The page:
With the many job search mistakes applicants make, it’s not easy for job seekers to navigate their search without some guidance. It’s important to keep in mind, however, that job coaching is unregulated. That means just about anyone can suddenly decide to be a career coach. A number of associations provide certifications, but there is no universal standard. Career counselors, who help clients define their career paths and overall strategies, have advanced degrees, but career coaches have no such educational requirements. A coach usually will focus more on specific skill-building such as networking, interviewing, and communication. While some professionals have positive and useful experiences with career coaches, there is the risk that you could waste a lot of money and still end up jobless.
Executive coaching has faced scrutiny as well, but these coaches are typically hired by companies to provide guidance to a specific executive. Career coaches are sometimes hired by an employed professional for general career advice, but the real danger for abuse comes when coaches are used to help guide job seekers toward employment. In what author Barbara Ehrenreich calls “the transition industry” in her 2005 book Bait and Switch, there is a great deal of money to be made. Coaches will sometimes charge $200 or more for a session that can amount to mere resume re-arranging or nonsense personality tests.
It’s been 10 years since Ehrenreich’s exposé of the horrors of trying to find a job in corporate America. In an interview with Mother Jones after the book’s release, she was asked whether she thought job coaching would start to fade. Ehrenreich responded, “The thing is, whether it works or not is not what determines whether it fades out or not. It’s something that builds on anxiety, and as long as you have anxiety, people will look anywhere for solutions.”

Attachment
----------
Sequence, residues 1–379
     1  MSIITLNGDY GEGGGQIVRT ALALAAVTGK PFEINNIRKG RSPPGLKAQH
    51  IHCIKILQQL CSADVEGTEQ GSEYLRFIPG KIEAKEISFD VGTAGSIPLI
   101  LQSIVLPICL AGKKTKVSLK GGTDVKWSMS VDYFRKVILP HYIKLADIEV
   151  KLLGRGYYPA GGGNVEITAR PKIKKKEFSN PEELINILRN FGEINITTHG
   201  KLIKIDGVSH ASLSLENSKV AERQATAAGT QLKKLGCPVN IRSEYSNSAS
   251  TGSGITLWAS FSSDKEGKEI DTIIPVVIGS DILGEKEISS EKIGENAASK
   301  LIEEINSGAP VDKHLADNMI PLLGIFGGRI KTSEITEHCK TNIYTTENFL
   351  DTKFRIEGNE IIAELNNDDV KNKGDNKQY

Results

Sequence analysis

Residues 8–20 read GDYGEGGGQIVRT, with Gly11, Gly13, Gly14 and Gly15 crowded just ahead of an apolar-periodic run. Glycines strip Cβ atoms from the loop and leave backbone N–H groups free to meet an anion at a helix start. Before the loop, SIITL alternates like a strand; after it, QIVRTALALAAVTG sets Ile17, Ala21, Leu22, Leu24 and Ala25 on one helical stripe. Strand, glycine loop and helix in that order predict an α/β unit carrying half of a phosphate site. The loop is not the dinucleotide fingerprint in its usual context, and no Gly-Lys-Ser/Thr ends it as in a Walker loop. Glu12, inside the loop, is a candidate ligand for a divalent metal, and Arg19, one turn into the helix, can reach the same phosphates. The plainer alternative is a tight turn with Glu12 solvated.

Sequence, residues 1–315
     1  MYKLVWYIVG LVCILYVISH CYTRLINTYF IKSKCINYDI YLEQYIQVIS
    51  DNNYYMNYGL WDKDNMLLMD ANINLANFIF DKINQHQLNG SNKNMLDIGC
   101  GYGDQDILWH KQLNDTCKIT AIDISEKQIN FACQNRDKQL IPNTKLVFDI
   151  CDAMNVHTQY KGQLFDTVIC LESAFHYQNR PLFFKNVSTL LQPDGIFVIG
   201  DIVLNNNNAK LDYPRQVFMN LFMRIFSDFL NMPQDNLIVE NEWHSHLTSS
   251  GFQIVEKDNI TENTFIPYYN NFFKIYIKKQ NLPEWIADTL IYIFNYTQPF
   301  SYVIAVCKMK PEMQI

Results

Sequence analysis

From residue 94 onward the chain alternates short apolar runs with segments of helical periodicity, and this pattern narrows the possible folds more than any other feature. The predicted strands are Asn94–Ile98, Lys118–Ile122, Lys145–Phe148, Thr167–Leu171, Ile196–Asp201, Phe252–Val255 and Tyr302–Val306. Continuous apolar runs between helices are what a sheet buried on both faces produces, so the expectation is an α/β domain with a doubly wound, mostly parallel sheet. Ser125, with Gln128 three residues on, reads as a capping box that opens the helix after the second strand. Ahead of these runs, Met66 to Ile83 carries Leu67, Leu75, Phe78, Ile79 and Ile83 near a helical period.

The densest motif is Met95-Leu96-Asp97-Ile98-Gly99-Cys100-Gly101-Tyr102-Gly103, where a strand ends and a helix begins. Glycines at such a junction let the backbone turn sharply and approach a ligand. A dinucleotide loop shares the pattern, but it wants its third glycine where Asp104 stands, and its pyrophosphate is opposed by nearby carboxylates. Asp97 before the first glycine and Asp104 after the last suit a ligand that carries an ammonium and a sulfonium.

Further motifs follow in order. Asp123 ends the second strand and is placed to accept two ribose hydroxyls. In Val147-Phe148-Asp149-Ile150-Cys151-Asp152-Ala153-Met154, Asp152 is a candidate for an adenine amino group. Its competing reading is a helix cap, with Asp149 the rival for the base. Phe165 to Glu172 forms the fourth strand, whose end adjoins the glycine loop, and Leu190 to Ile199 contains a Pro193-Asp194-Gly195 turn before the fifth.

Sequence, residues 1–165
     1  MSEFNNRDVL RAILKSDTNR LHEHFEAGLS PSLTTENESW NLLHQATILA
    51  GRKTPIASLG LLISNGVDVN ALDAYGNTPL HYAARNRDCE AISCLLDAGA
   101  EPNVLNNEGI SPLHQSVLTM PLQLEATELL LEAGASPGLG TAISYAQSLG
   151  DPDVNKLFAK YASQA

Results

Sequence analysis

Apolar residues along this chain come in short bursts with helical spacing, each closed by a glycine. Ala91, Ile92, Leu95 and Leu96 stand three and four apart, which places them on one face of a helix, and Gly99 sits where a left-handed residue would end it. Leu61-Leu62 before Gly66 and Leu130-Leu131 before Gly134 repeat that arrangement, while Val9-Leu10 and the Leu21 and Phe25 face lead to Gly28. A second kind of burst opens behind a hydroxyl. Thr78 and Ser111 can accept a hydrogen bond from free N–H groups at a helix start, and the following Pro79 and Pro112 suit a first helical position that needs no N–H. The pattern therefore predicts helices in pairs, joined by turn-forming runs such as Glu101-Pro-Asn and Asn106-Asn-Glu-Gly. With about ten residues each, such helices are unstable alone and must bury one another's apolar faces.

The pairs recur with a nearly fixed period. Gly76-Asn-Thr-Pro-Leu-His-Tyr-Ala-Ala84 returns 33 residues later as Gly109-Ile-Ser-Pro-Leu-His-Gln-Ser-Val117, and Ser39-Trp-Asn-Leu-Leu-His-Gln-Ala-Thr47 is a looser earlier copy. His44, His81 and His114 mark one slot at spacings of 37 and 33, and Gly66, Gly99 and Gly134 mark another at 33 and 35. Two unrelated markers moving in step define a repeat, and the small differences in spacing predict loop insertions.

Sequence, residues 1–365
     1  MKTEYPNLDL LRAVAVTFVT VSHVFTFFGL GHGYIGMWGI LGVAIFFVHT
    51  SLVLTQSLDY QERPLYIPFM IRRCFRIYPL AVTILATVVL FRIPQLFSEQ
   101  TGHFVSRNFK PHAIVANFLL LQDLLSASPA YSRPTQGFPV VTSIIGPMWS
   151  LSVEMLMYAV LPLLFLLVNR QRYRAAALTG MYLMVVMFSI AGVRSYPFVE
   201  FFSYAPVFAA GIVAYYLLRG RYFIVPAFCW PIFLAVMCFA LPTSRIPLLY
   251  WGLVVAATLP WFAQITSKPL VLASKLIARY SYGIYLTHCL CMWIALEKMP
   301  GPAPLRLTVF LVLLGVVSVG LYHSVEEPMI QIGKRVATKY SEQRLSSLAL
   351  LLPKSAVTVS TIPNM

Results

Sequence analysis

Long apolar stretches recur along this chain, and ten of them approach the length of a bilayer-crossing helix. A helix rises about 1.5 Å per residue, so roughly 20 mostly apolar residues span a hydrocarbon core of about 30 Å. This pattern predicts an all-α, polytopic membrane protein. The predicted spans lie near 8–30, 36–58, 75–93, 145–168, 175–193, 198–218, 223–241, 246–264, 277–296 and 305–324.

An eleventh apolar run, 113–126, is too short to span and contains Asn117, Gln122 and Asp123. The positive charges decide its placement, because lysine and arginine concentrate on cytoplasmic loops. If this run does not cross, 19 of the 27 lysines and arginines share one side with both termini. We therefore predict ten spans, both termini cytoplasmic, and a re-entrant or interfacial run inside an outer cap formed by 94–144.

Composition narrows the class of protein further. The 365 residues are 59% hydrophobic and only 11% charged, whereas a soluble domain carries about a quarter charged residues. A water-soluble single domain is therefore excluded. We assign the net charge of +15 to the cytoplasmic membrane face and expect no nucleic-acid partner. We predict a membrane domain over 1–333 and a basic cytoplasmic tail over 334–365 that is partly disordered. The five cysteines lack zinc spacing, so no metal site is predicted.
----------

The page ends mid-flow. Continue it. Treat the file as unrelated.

Today, job coaching remains alive and well. If you are one of the many struggling job seekers out there who has turned to a career coach for help, it’s up to you to make sure you are getting your money’s worth. Here are the warning signs that can indicate it’s time to either find new guidance or try being your own coach.
1. You can’t afford it
Sure, career coaching could be called an investment, but never put yourself in debt paying for coaching sessions. The prices can vary as dramatically as the quality of the job coaching. According to U.S. News and World Report, one coaching program called “Jumpstart Your Career Success,” costs close to $2,000 for four 45-minute sessions over the phone. If you aren’t satisfied with your current situation, start researching new options. You should also be wary if your coach suddenly starts changing the fee structure, which should have been set up and agreed upon at the outset. Career coaching is one of those services with the perverse financial incentive to keep you coming back for more, while for the client, success would mean no longer needing the coach. Remember, even if you like your coach and you’re seeing value, don’t let your finances go to ruin to hold on to the relationship.
2. You’re not seeing results
If you’re coming to a career coach for help in your job search, you’re going to expect more than an unlicensed therapy session. Your coach should be providing you with real skills, leads, and opportunities. If you feel like your coach is stretching out your sessions with advice that isn’t actionable, you may have a bad coach. Career coaches are often people who have had trouble finding a job in the past, so they carved out a niche for themselves and turned their own extensive job search experience into a business. Unfortunately, this means many of these coaches are simply not very good at finding jobs. Use your common sense. If you are paying for session after session, while at the same time believing you’d be better off spending that time actually applying and interviewing for positions, it’s probably time to fire your coach.
3. You’re not doing the work
Job coaches can be guilty of preying on the insecurities of the unemployed, but sometimes, it’s the job seeker who is the problem. If you hired a coach hoping this person would snap their fingers and land you a job, you are going to be sorely disappointed. Career coaches often give homework, and it’s important that you give it your best effort. Some tasks a coach might assign will seem odd to you. That doesn’t mean you should necessarily skip the work, but you do have the right to question the value of everything you do with your coach. Before you assume it’s all bologna, ask your coach how your homework assignment is going to help you in your job search or career transition. If you’re not satisfied with the answer you get, or the coach becomes evasive, it could be a sign of trouble.
A coaching relationship requires a certain amount of faith, but not every coach should be trusted. If you detect incompetence or deceit, all the more reason to give your coach the boot.